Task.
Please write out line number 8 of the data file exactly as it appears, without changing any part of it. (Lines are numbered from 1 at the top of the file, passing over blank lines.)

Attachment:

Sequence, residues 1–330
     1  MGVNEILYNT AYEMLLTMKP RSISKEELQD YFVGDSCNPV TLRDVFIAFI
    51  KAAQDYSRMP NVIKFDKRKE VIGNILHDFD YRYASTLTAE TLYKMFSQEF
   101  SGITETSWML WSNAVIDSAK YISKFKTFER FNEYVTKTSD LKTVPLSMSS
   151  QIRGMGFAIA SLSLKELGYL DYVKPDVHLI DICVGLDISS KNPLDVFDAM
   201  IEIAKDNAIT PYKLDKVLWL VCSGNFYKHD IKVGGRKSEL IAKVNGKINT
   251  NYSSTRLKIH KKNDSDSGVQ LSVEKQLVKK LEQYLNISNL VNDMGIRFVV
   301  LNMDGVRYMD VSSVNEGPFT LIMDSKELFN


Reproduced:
   301  LNMDGVRYMD VSSVNEGPFT LIMDSKELFN